In the near term, it boiled down to two options – doing venture capital or Product Manager at Salesforce and honestly, I saw so much success in what I was doing and the way Salesforce has shaped over the years that it was a natural call to go back into Product here. Eventually, I know that I would venture back into my startup and have a strong product manager background leading diversified teams in different companies at different scales would be very valuable.
Product Gym: Would you say that the 3 Verticals you mentioned earlier applies to go from Product Manager to a Senior Product Manager role?
Poorvi Shrivastav: Yes, I am now part of a large feature portfolio than what I was doing previously so in terms of scope, it is a big difference. As a Senior Product Manager, you operate very independently because you’re on a stepping stone to becoming a Director or a Group Product Manager depending upon the company and titles, which has a bigger portfolio and broader responsibilities. Senior Manager is more to check if you are ready for a larger product, manage interns, maybe direct reports depending on the company? if can you handle a complex area without any help, if can you communicate with executive leadership, draw a vision and deliver it.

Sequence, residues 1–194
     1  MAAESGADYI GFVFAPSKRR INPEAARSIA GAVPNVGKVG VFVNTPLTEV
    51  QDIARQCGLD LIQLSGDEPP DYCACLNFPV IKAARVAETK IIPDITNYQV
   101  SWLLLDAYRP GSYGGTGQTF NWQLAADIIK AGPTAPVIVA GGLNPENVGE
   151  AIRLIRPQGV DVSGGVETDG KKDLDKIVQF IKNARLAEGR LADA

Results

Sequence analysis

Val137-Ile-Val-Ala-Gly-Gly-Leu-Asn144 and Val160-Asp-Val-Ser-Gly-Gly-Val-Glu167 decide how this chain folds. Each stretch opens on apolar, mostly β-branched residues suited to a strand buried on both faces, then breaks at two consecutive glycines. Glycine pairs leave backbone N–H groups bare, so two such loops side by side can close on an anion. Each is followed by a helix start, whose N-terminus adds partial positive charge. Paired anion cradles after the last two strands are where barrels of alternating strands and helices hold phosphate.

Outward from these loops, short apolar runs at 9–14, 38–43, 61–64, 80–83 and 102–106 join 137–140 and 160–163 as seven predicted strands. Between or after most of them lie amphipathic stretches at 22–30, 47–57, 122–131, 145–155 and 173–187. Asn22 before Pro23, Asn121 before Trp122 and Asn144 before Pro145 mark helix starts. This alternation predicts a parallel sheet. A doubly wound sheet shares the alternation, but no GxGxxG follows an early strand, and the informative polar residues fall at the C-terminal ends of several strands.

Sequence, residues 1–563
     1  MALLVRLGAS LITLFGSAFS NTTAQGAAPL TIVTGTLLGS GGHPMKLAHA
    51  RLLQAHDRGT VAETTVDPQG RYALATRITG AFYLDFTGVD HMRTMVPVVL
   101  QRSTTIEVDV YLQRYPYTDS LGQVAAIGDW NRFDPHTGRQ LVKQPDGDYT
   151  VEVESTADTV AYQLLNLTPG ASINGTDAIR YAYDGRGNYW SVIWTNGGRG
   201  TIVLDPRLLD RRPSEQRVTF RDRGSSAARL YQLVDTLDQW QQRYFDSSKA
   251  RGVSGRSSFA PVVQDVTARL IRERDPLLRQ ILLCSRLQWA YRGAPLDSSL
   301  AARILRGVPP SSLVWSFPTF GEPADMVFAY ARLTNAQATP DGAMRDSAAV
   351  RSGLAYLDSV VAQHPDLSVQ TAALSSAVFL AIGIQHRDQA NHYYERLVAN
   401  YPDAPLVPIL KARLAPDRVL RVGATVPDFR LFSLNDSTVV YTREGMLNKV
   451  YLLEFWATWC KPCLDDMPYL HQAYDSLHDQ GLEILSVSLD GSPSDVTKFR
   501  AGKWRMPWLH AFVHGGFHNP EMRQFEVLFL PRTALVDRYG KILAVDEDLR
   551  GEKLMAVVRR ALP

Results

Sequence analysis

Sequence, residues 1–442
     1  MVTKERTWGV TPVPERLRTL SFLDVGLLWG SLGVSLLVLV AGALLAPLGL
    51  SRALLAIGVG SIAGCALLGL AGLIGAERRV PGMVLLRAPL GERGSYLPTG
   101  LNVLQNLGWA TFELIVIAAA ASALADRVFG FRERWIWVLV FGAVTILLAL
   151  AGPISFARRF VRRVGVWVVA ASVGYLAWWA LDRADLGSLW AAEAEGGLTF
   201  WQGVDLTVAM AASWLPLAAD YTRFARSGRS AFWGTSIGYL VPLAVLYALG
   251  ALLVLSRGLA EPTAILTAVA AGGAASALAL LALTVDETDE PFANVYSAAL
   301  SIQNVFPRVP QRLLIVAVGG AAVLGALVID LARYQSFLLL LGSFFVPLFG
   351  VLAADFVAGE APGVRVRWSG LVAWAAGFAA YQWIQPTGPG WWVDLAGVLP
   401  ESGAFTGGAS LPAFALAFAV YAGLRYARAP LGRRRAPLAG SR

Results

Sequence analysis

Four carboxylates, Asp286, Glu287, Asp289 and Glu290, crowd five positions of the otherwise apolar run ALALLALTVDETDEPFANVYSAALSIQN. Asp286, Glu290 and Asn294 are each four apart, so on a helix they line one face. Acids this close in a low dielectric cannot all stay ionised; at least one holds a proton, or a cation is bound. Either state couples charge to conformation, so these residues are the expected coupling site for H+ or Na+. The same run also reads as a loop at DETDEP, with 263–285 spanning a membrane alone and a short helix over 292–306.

Product Gym: What are some of the challenges that you encounter day to day?
Poorvi Shrivastav: I feel like the biggest challenge is knowing how to balance customer facing responsibilities with internal work. Product Managers are often responsible for internal and external stakeholders so like how good are you at balancing working with the customers to working with your go-to-market team, but also making sure you give enough time to your engineering team because, at the end of the day, you have to make sure the product is being made, right? So it is a challenge sometimes but if you can have your planning in line and dynamically prioritize, then you will be successful.
Product Gym: When you are at that scale, how do you create that flexibility in your planning?